Disney’s animated smash hit “Frozen” is on track to hit $200 million in Japan and become the nation’s second-most successful movie of all time if predictions hold this weekend.

Japan’s highest-grossing film is currently Hayao Miyazaki’s animated classic “Spirited Away,” which earned just under $230 million upon its 2001 release. “Titanic,” with its $201.3 million haul, earns second place, but that’s about to change in the next few days. “Frozen” has handily topped the Japanese box office for 11 weeks, taking in a total gross of $194.1 million. If “Frozen” achieves last weekend’s box office take of $6.9 million, it will break $200 million by Sunday and beat out the “Titanic” sometime in the middle of the week.

Since “Frozen” hit Japanese theaters in March, the animated musical has been unstoppable. It’s box office take there is already approaching half of its $400 million American haul, no small feat in a market about a fifth the size of the U.S. To put it in perspective, the runner up to “Frozen” is the action comedy “Detective Conan: The Sniper from Another Dimension,” with $37.4 million, less than a fifth of “Frozen.” Even as the Japanese film industry continues to push out heavy-hitters like “Thermae Romae II,” a sequel to a 2012 live-action adaptation of manga by the same name, “Frozen” has continued to stay on top.  

“Frozen’s” success doesn’t benefit from a general appetite for American films in Japan, either. Of Japan’s top 15 films of the year, only three others hail from America: “The Amazing Spider-Man 2,” “The Hobbit: Desolation of Smaug,” and “The Secret Life of Walter Mitty.” The two highest-grossing films of the year in America, “The LEGO Movie” and “Captain America: The Winter Soldier,” didn’t even break the top 20 in Japan. “Frozen” is clearly something special.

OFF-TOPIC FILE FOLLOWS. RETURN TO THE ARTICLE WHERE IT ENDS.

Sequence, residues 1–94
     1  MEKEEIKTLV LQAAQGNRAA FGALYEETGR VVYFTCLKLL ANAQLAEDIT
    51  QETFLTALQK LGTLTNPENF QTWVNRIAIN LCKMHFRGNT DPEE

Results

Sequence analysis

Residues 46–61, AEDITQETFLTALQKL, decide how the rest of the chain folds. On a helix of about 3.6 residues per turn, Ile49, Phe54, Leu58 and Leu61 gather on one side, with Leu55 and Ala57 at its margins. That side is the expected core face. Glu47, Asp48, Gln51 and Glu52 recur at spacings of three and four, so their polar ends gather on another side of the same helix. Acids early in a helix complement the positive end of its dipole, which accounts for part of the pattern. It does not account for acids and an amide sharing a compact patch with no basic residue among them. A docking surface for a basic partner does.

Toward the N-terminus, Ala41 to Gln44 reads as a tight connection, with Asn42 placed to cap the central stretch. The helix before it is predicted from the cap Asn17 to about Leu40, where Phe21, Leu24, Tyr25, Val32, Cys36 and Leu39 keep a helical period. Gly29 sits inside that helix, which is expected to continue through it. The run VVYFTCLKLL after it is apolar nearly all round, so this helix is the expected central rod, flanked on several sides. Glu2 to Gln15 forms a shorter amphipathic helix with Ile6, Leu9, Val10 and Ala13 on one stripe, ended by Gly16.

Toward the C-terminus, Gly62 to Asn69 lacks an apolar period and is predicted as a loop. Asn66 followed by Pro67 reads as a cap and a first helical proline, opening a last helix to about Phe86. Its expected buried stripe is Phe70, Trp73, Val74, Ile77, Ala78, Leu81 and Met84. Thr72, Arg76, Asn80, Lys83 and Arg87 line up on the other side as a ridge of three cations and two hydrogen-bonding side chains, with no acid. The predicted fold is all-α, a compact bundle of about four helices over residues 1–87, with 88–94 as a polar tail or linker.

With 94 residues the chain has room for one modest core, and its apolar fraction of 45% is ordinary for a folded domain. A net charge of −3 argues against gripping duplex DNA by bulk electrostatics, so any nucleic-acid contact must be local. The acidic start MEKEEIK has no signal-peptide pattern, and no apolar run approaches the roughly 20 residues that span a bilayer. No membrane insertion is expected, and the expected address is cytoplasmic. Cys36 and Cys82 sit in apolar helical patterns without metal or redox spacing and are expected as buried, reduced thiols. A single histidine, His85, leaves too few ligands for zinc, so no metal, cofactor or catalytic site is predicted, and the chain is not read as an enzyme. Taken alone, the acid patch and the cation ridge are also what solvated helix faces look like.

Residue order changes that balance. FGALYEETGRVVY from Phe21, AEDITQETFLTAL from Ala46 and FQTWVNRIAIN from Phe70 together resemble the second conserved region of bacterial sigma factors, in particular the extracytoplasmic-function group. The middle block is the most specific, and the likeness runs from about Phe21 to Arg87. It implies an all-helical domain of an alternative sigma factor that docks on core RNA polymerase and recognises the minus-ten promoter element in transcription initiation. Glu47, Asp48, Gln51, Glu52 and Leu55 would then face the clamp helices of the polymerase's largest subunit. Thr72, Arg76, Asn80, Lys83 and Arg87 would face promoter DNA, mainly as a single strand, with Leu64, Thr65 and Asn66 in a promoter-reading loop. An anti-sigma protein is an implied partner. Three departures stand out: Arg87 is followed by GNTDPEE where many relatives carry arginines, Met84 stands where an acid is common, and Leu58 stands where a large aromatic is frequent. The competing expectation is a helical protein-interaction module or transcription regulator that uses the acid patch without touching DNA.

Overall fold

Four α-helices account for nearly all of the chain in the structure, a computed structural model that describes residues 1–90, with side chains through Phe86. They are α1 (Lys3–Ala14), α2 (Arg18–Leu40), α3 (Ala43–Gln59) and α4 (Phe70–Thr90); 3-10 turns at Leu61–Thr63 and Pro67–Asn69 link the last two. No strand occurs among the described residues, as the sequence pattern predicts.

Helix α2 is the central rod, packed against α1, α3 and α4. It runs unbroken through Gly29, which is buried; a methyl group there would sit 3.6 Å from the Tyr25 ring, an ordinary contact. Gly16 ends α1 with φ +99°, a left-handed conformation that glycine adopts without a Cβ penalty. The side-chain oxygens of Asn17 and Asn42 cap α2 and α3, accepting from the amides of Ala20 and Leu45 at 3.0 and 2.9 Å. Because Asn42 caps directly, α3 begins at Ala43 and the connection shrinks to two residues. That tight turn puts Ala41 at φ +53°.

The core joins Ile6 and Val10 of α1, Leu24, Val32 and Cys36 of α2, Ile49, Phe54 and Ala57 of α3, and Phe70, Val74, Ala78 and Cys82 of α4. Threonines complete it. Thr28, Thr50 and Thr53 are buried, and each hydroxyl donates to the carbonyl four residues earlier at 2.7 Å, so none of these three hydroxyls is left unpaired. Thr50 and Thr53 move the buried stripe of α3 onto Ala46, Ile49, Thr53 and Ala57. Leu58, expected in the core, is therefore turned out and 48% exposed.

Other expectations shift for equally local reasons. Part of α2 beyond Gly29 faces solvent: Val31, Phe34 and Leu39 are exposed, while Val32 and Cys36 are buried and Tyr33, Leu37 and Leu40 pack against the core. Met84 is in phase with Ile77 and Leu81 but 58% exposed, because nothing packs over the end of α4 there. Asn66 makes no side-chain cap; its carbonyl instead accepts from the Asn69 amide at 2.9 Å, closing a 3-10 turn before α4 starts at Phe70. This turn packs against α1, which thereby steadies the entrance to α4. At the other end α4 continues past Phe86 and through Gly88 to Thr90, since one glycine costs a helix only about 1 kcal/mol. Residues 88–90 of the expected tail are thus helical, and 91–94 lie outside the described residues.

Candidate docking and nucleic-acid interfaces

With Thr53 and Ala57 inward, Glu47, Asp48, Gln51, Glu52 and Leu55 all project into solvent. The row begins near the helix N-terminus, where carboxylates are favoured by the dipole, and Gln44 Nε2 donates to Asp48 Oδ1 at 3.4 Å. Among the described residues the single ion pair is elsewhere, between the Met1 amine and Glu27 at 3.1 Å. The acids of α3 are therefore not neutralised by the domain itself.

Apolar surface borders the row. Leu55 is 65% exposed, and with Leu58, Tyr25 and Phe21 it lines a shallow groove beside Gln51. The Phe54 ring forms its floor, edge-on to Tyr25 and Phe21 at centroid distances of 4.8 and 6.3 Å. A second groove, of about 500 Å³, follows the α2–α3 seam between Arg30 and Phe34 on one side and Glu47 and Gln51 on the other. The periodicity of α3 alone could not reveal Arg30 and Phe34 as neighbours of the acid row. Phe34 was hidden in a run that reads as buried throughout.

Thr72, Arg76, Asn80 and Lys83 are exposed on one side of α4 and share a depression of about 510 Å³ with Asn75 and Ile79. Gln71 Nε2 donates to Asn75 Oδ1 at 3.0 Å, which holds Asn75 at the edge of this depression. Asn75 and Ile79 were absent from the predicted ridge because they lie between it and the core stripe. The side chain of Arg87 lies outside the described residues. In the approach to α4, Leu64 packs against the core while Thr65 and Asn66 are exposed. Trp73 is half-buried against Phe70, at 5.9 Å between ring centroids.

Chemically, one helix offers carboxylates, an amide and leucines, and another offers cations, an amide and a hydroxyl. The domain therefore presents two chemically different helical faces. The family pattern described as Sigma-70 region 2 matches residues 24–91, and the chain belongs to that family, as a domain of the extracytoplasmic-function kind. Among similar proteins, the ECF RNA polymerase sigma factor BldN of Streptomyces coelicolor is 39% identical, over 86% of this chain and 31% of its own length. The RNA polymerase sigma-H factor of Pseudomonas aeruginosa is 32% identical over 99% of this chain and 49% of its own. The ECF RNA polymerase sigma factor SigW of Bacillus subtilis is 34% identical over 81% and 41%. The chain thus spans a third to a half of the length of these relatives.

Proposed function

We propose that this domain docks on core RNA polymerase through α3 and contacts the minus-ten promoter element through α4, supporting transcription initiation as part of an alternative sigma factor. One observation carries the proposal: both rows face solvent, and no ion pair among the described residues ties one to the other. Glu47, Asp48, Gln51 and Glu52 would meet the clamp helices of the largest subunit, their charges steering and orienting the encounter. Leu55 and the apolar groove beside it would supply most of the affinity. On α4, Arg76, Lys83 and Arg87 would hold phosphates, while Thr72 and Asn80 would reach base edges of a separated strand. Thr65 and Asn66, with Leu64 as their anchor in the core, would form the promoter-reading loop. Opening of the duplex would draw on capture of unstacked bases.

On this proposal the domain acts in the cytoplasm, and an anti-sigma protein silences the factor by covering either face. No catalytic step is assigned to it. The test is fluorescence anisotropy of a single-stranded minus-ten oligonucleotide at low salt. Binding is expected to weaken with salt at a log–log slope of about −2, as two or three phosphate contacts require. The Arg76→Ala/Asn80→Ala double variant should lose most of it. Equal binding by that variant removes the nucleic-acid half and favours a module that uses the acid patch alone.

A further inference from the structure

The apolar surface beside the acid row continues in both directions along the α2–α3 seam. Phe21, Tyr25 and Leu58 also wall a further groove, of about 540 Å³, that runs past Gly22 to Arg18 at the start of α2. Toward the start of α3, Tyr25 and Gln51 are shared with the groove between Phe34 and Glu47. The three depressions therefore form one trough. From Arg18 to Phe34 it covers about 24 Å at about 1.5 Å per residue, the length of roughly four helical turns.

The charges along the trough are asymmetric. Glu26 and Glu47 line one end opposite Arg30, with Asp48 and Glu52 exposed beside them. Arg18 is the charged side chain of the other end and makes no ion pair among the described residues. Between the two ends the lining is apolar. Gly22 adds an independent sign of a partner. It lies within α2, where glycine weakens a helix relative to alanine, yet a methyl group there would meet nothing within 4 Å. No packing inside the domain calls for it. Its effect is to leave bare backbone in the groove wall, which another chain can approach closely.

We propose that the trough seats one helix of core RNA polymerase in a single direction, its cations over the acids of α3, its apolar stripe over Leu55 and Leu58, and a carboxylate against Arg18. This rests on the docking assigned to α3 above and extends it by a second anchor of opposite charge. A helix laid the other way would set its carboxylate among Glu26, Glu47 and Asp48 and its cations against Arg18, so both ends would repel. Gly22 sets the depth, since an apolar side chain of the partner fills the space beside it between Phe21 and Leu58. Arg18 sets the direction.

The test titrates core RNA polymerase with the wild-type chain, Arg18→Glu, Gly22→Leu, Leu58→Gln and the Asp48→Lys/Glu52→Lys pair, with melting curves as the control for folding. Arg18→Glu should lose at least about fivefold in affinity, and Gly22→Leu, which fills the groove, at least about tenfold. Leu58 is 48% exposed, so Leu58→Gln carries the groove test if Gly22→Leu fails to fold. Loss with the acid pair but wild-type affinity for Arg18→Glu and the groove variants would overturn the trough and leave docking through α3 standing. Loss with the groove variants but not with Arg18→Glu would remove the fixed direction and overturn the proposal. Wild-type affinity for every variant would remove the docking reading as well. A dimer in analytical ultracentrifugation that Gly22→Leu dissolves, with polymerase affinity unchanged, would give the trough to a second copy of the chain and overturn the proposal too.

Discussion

Much of the musical’s success comes from its appeal to teenage girls, the Wrap explains. The 13-17 age group, who are among the largest consumers of media in Japan, skews older than the ecstatic fan base of toddlers to tweens who helped make “Frozen” and its signature song “Let It Go” a phenomenon in the U.S.  

Rather than simply toss subtitles onto the film and hope Japanese audiences’ love for similar franchises would net “Frozen” a modest profit, however, Disney worked hard to make sure that their adaptation hit the mark by hiring quality voice actors.

“We really put effort into finding actors who could not only play the role but also belt out the tunes as well,” Orika Hiromura, Disney Japan’s marketing project leader for “Frozen,” told the Wall Street Journal. “We found the perfect match in Takako Matsu and Sayaka Kanda, and they really added a whole new dimension to the storytelling.”

All in all, “Frozen” has grossed just over $1.2 billion worldwide, with a little under half coming from the United States and Japan. Outside of those two nations, South Korea is the highest earner with $77 million. “Frozen” has proven so successful there that its inescapable single “Let It Go” has spawned a number of cover versions from Korean K-pop stars.